Masters Sessions '87 (Remastered) Stéphane Grappelli

Album Info

Album Veröffentlichung:
2016

HRA-Veröffentlichung:
04.08.2017

Das Album enthält Albumcover

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Formate & Preise

FormatPreisIm WarenkorbKaufen
FLAC 96 $ 7,50
  • 1You Took Advantage of Me 04:59
  • 2Star Eyes 04:21
  • 3Anything Goes 04:35
  • 4Don't Blame Me 05:08
  • 5Moonlight In Vermont02:39
  • 6Caravan 07:21
  • 7It Might As Well Be Spring04:57
  • 8Have You Met Miss Jones 04:06
  • 9Love Song 03:17
  • 10Sing Hallelujah 03:58
  • Total Runtime45:21

Info zu Masters Sessions '87 (Remastered)

Grappelli was born at Hôpital Lariboisière in Paris, France, and christened with the name Stéfano. His Italian father, marquess Ernesto Grappelli, was born in Alatri, Lazio, and his French mother, Anna Emilie Hanoque, was from St-Omer. His father was a scholar who taught Italian, sold translations, and wrote articles for local journals. Stéfano's mother died when he was four, leaving his father to care for him. Though living in France when World War I began, his father was still an Italian citizen and was drafted to fight for Italy in 1914.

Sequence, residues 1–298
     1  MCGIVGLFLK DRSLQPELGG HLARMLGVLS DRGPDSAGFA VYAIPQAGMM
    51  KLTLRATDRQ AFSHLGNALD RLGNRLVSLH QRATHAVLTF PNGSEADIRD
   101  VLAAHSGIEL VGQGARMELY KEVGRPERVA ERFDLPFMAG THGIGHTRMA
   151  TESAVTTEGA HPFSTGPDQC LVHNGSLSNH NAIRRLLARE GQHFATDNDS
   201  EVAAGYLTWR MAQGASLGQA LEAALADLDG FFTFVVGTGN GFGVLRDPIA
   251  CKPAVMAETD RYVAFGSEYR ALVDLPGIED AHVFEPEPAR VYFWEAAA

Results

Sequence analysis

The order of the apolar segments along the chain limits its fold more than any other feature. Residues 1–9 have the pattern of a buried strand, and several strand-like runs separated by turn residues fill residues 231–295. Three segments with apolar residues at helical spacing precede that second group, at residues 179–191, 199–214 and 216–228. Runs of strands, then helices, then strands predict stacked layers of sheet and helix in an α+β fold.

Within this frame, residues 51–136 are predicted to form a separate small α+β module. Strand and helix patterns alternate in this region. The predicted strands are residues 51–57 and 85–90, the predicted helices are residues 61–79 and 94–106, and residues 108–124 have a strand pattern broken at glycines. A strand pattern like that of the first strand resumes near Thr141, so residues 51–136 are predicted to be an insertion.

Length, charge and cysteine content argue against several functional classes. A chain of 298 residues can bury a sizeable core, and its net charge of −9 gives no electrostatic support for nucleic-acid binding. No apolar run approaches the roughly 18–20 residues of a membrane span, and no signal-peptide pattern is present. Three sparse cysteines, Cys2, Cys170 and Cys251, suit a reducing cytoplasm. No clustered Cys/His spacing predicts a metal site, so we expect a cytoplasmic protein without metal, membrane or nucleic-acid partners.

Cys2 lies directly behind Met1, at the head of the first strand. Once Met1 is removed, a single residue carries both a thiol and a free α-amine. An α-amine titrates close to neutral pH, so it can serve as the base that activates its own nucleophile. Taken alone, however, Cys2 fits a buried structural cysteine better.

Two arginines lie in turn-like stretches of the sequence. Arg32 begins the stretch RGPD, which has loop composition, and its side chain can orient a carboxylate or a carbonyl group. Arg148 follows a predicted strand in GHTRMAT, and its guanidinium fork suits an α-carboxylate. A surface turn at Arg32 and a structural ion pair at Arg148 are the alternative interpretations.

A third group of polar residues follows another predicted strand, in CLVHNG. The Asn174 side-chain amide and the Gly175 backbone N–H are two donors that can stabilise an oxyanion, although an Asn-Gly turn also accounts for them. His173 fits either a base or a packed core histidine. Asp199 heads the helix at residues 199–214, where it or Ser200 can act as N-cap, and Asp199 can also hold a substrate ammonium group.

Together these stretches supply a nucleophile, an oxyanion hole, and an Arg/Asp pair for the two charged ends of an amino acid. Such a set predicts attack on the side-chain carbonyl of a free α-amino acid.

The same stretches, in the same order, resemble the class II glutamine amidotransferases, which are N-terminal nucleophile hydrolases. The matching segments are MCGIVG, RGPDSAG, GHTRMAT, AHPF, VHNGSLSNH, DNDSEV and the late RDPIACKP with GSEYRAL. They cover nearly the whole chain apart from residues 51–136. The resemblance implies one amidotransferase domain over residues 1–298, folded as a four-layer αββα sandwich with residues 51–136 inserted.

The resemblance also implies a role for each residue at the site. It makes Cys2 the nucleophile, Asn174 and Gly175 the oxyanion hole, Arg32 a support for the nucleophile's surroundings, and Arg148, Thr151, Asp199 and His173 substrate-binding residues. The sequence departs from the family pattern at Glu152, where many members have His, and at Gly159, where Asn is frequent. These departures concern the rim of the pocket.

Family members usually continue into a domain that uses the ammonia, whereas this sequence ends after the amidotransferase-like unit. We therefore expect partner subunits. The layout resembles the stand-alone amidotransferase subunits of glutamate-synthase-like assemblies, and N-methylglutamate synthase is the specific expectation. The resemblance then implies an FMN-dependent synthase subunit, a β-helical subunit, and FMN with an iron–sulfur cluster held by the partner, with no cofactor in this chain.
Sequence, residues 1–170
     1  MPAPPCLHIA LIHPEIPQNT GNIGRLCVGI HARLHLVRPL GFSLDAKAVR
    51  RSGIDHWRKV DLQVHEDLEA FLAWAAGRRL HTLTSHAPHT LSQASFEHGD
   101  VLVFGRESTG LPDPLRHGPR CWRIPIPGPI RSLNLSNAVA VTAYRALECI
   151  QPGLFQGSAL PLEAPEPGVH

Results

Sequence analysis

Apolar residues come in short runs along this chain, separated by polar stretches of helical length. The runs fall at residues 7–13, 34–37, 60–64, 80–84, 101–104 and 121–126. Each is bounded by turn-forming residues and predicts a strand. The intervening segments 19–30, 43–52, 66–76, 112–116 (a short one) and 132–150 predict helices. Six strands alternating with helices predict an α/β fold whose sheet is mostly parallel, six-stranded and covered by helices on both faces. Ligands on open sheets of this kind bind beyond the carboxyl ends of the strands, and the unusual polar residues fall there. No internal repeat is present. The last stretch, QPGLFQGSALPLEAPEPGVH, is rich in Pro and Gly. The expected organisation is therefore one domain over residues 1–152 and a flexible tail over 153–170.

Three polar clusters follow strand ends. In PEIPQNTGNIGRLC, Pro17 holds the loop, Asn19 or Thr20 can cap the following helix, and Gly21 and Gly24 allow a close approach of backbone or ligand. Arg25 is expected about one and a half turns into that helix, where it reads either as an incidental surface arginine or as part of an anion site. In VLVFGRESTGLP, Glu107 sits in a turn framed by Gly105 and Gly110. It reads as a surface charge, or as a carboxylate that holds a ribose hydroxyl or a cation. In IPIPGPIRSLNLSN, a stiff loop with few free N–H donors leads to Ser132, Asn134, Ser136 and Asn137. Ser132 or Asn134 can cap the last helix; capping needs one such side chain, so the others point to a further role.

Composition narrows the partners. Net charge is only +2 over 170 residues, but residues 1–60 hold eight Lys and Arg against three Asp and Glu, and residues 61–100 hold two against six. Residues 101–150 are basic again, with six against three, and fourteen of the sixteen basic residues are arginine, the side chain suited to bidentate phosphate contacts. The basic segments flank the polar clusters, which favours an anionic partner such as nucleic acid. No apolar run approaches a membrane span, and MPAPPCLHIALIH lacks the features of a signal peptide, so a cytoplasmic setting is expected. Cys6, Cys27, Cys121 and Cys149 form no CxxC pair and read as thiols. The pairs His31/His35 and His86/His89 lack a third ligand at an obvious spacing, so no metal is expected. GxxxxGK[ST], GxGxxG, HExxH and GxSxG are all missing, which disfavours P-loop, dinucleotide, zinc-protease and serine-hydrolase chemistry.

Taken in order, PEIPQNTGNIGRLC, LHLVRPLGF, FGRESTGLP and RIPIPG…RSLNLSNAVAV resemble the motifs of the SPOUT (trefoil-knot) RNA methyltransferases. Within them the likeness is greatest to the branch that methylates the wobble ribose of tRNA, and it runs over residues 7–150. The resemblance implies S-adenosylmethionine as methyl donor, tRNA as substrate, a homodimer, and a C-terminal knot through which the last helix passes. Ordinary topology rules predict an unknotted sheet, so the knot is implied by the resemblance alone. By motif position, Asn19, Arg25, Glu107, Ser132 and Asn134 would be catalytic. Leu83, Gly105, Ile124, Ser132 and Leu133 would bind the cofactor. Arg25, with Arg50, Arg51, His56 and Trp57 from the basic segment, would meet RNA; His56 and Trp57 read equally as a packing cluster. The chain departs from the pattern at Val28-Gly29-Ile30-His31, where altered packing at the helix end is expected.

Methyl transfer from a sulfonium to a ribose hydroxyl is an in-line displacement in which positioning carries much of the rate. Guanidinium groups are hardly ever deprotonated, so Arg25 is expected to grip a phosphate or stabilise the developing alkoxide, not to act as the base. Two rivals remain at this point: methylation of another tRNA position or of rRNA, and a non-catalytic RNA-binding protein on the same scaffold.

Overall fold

Having written about the American dancer Isadora Duncan, who was living in Paris, Ernesto Grappelli appealed to her to care for his son. Stéfano enrolled in Duncan's dance school at age six, and he learned to love French Impressionist music. With the war encroaching, Duncan as an American citizen fled the country; she turned over her château to be used as a military hospital.[3] Ernesto then entrusted his son Stéfano to a Catholic orphanage. Grappelli said of this time: "I look back at it as an abominable memory... The Place was supposed to be under the eye of the government, but the government looked elsewhere. We slept on the floor, and often were without food. There were many times when I had to fight for a crust of bread", and claimed that he once tried eating flies as a means of easing his hunger.[3] Stéfano stayed at the orphanage until his father returned from the war in 1918; the father found them an apartment in Barbès. Having been sickened by his experiences with the Italian military, Ernesto took Stéfano to city hall, pulled two witnesses off the street, and had his son nationalized as a Frenchman on July 28, 1919. The boy's first name of Stéfano was gallicized to Stéphane.

Stéphane Grappelli, violin

Digitally remastered



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